Ironman 70.3 Mossel Bay by Megan Robertson

Have you ever found yourself in one of those conversations where someone asks if you want to join them in a running race? That was me in the beginning of 2023. In March 2023, I ran my farthest distance ever—the Weskus 10km road race. I celebrated this achievement as if I had just completed a marathon, even though, in reality, it was just a 10km run. Despite my involvement in professional-level sports, particularly sailing, I had never taken an interest in running. Fast forward to May, where I found myself at my usual Monday spin class at Virgin Active Point, led by none other than STeve Attwell. It was there that a friendly guy struck up a conversation with me, planting the first seed about triathlon in my mind. That evening, I followed Embark and Steve on Instagram, and as they say now, the rest is history!


Initially skeptical about attempting a 70.3, especially on the challenging Mossel Bay course, I found myself signing up for training in June 2023 after attending the Embark orientation evening. Daunting, challenging, and borderline crazy—it was hard to believe that, before this, I had never cycled a road bike or run more than 10km. Yet, in just five months, I would be undertaking a 1.9km swim (which turned out to be 2.2km on race day, thanks to the currents), a 91km bike ride, and a 21.1km run.
And so, with possibly one of the coldest winters Cape Town had ever experienced, training began. Our new, sizable group quickly formed bonds, and that's the beauty of Embark and group training—you never feel alone. The experience was welcoming and heartwarming. People who were strangers less than six months ago became some of my closest friends. Training was tough, funny, challenging, and thrilling all at the same time. Banter during early morning coffee rides kept minds and legs light, making us forget the biting cold. Certain phrases tend to stick, and Coach Garth’s running advice—“STAY HARD”—has become ingrained in my mind. Thursdays brought the session I feared the most: the dreaded hill running sessions. After Mossel Bay, I vowed never to skip another hills session for a sleep-in, ever again!
Now, let’s talk about race day—Sunday morning in Mossel Bay (my hometown, I might add!). We woke up to the most beautiful summer morning, and all pre-race nerves seemed to drift away. The day had come, I had put in all the work, and now it was time to enjoy it. After preparing my bike with nutrition and water bottles and meeting fellow Embarkers along the way, we walked down to the swim start. Self-seeding was daunting, but when I saw Gert standing in the already full 30-minute seeding section, I knew a plan was possible. After putting my best Afrikaans forward, I was quickly helped over the barrier and into the line to start. We watched the pro athletes go off, and before I knew it, I was running into the water. The water temperature was perfect, and I enjoyed the swim. Before I knew it, I was stripping off my wetsuit in the waves, running up to T1.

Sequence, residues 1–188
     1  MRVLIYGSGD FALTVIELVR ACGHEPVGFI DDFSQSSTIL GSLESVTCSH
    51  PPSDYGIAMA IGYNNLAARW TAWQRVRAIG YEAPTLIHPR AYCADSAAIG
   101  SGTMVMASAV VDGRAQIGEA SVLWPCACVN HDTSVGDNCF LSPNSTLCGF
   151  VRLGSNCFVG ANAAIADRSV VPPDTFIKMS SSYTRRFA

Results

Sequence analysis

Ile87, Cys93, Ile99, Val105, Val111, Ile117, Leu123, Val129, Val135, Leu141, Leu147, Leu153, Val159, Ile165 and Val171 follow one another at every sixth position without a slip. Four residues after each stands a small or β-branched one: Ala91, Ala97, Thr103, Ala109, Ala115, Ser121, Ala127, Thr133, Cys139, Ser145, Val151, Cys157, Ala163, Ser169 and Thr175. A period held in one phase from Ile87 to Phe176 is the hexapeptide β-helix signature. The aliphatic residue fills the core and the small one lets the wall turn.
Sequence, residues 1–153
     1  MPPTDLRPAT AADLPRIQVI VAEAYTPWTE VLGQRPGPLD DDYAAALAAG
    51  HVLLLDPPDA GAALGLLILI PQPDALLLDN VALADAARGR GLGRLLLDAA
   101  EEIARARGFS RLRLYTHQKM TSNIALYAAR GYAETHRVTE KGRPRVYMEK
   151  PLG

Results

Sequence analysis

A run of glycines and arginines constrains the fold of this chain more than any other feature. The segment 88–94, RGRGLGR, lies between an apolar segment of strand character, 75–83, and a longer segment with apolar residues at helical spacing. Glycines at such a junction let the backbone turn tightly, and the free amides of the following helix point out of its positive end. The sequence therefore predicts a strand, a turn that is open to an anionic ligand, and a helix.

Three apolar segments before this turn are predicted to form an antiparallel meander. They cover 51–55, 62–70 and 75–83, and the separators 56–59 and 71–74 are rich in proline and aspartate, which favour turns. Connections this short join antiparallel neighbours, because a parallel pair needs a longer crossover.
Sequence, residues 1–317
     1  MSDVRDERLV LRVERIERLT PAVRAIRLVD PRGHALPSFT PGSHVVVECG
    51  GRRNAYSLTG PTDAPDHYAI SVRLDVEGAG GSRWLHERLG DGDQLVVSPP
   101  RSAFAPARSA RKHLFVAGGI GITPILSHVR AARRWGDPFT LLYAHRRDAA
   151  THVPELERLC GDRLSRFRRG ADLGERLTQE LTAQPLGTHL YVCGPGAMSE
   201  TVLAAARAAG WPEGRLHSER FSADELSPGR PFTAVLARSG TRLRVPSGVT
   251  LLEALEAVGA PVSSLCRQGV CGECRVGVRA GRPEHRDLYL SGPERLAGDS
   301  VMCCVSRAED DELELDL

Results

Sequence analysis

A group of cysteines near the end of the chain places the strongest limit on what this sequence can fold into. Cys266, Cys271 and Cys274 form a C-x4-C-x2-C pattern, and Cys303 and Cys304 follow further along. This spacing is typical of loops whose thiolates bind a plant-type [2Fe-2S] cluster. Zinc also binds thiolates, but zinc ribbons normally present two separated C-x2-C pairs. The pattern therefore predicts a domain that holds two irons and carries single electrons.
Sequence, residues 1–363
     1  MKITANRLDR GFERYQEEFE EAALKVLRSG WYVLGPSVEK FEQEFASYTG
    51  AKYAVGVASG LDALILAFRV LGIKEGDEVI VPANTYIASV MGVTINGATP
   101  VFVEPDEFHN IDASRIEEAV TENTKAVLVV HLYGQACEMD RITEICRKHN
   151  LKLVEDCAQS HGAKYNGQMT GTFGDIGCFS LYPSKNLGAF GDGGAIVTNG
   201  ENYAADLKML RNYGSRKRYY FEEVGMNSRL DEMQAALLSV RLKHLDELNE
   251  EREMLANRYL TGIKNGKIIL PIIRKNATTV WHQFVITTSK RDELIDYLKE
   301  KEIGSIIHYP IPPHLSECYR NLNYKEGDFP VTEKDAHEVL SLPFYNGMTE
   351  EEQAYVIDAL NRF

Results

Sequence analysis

The bike—luckily, I had ridden the route in August, so I knew where the hills were waiting for me. But alas, they still caught me! The scenery was beautiful as I cycled past farms toward the halfway turnaround point. I had TT-bars on my road bike, and it was the best decision I had ever made. The cycle flew by for me; it was fast and fun, and the climbs were survivable.
But that run—thankful for STeve's repeated warnings to fuel adequately on the bike—I faced Mossel Bay's 80% hilly half marathon. It was the most challenging half marathon I had ever run, let alone after a swim and a cycle. After the first loop of three, I realized when to consume gels, throw water over my head, and smile at the thousands of people shouting my name to push on as I ran past. This is also the beauty of competing in your Embark kit; we all become each other’s family, and every time you were spotted by another Embarker’s friends or family, they would cheer for you like you were their own!
I entered this race with the goal of enjoying my first 70.3, but in the back of my mind, I aimed to complete it under 6 hours and 30 minutes. I crossed the finish line in a time of 6 hours and 28 minutes, and tears of joy flowed as my fellow Embarkers and family waited to give me a hug!
The triathlon bug has definitely bitten me, and I now have my eyes set on four 70.3 races next year! If you ever, even for a second, think that you would like to do something like this but are unsure whether you can, come and join the group and see for yourself what you are capable of.

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